When it started to look like Dark Horse Presents would survive, we created a list; a list of everybody we wanted to work with. We called every name on our list, and luckily a lot of them signed on. It was a chance for them to take part in a book where it was a given that the creators should have control of their creations. And as time went buy, we attracted more and more professionals. A big turning point for us was when Frank Miller brought his new books to us instead of Marvel or DC, and that persuaded others to dot he same.
Nrama: That list – wow. So now here in 2011 where you're bringing back Dark Horse Presents, did you come up with a new list?
Richardson: We have a list in progress, and we're looking at a lot of young guys; that's been one of the rewards with re-starting Dark Horse Presents. We're also trying to attract as many established big names as possible too. For the first issue we have long-time Dark Horse Presents contributor Paul Chadwick joined by Neal Adams, Howard Chaykin, Michael T. Gilbert bringing back Mr. Monster, Harlan Ellison, Richard Corben and indie favorites David Chelsea and Carla Speed McNeil.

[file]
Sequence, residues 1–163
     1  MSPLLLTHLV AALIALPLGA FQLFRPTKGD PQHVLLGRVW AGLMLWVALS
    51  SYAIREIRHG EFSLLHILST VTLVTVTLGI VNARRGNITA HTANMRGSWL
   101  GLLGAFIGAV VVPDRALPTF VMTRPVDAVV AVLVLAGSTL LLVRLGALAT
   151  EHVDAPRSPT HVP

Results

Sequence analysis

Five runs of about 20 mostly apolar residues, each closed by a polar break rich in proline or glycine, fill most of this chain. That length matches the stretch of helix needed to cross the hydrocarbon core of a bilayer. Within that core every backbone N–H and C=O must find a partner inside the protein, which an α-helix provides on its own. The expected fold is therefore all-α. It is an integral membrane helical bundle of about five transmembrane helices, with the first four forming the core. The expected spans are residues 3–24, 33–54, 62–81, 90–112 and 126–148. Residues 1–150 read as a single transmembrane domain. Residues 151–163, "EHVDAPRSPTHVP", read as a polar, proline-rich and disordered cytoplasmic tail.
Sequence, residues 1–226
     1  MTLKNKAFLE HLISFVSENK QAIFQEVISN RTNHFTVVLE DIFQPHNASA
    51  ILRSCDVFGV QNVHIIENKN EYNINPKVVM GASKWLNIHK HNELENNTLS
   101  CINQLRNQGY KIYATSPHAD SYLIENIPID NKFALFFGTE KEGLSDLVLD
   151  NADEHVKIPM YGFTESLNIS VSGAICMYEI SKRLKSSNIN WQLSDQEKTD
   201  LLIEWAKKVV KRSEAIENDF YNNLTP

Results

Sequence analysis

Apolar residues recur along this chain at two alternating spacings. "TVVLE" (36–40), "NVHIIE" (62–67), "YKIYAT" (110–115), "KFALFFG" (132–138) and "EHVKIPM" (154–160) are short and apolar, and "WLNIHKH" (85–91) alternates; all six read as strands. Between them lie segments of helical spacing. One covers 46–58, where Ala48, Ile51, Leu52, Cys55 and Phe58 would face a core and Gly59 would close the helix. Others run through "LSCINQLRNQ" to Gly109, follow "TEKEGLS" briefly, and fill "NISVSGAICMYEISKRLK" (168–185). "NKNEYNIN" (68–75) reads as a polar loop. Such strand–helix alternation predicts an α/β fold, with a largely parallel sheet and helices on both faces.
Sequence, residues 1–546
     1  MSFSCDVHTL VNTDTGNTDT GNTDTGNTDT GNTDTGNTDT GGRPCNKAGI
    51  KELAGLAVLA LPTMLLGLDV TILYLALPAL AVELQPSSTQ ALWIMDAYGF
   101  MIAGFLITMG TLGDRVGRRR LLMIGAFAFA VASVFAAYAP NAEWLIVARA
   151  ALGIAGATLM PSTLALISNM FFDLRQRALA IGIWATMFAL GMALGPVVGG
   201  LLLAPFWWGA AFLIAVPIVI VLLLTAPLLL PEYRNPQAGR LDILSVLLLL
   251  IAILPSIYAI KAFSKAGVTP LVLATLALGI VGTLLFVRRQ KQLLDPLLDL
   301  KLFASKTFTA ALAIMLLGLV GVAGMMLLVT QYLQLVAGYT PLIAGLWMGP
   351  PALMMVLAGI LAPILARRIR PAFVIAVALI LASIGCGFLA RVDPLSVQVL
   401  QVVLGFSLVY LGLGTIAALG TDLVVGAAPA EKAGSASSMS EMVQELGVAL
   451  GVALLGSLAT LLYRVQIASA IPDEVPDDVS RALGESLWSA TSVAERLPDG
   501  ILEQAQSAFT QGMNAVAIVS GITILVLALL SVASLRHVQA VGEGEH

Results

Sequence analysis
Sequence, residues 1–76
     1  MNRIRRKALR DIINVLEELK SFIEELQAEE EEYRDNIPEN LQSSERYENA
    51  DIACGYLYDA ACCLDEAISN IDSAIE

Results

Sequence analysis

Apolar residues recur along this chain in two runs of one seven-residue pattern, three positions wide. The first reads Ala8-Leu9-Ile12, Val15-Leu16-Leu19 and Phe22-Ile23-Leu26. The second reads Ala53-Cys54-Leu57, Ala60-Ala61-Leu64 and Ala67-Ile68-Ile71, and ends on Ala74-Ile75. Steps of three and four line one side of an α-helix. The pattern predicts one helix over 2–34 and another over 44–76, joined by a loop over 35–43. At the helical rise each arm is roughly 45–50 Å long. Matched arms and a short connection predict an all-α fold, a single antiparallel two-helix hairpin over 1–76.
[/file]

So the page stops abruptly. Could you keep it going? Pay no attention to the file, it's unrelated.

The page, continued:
Nrama: The Dark Horse Presents title was last seen as MDHP and serialized on Myspace.com before print collections. Do you have any plans for online or unique distribution of this new series in that same kind of way?
Richardson: There will definitely be a Dark Horse Presents presence online with some strips for free. We've been talking to Bob Burden about Mystery Men, and he has several pages ready to go as well as some other features to be put online. When we have our plans worked out, I'll definitely tell you. We're working actively on digital.
Nrama: What will the schedule for Dark Horse Presents be like?
Richardson: We're starting out bi-monthly to see how it goes, but our goal is to move monthly eventually. An 80-page book is difficult to do on a monthly basis, but with the amount of work coming in and people being so excited about it it's not impossible. It's been a pleasant surprise – once we told people about Dark Horse Presents returning, the work has been coming fast and everyone has wanted to take part. For Dark Horse, this series accomplishes a number of things – it allows creators who have other schedules to come in and do a single 8-page story or a series of 8 pagers over time. It's also a great place to launch new characters that someone wants to flesh out without launching into a full-blown series.